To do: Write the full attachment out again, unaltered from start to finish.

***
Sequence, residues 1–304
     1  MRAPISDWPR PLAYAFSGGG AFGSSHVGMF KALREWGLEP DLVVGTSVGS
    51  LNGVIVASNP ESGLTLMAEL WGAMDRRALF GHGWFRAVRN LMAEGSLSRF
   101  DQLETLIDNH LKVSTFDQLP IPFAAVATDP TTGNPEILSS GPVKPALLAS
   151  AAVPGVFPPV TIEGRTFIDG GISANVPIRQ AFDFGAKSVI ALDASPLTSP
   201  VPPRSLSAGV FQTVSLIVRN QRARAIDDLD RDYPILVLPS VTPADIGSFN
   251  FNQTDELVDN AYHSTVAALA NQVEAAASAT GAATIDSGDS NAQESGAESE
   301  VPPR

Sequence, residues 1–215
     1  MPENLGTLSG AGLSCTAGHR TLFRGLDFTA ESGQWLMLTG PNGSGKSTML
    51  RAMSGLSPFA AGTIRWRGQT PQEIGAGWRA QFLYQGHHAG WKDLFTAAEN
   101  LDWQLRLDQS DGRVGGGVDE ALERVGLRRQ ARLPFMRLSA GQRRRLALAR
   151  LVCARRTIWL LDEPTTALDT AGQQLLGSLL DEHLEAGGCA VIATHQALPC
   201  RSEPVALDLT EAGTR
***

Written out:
Sequence, residues 1–304
     1  MRAPISDWPR PLAYAFSGGG AFGSSHVGMF KALREWGLEP DLVVGTSVGS
    51  LNGVIVASNP ESGLTLMAEL WGAMDRRALF GHGWFRAVRN LMAEGSLSRF
   101  DQLETLIDNH LKVSTFDQLP IPFAAVATDP TTGNPEILSS GPVKPALLAS
   151  AAVPGVFPPV TIEGRTFIDG GISANVPIRQ AFDFGAKSVI ALDASPLTSP
   201  VPPRSLSAGV FQTVSLIVRN QRARAIDDLD RDYPILVLPS VTPADIGSFN
   251  FNQTDELVDN AYHSTVAALA NQVEAAASAT GAATIDSGDS NAQESGAESE
   301  VPPR

Sequence, residues 1–215
     1  MPENLGTLSG AGLSCTAGHR TLFRGLDFTA ESGQWLMLTG PNGSGKSTML
    51  RAMSGLSPFA AGTIRWRGQT PQEIGAGWRA QFLYQGHHAG WKDLFTAAEN
   101  LDWQLRLDQS DGRVGGGVDE ALERVGLRRQ ARLPFMRLSA GQRRRLALAR
   151  LVCARRTIWL LDEPTTALDT AGQQLLGSLL DEHLEAGGCA VIATHQALPC
   201  RSEPVALDLT EAGTR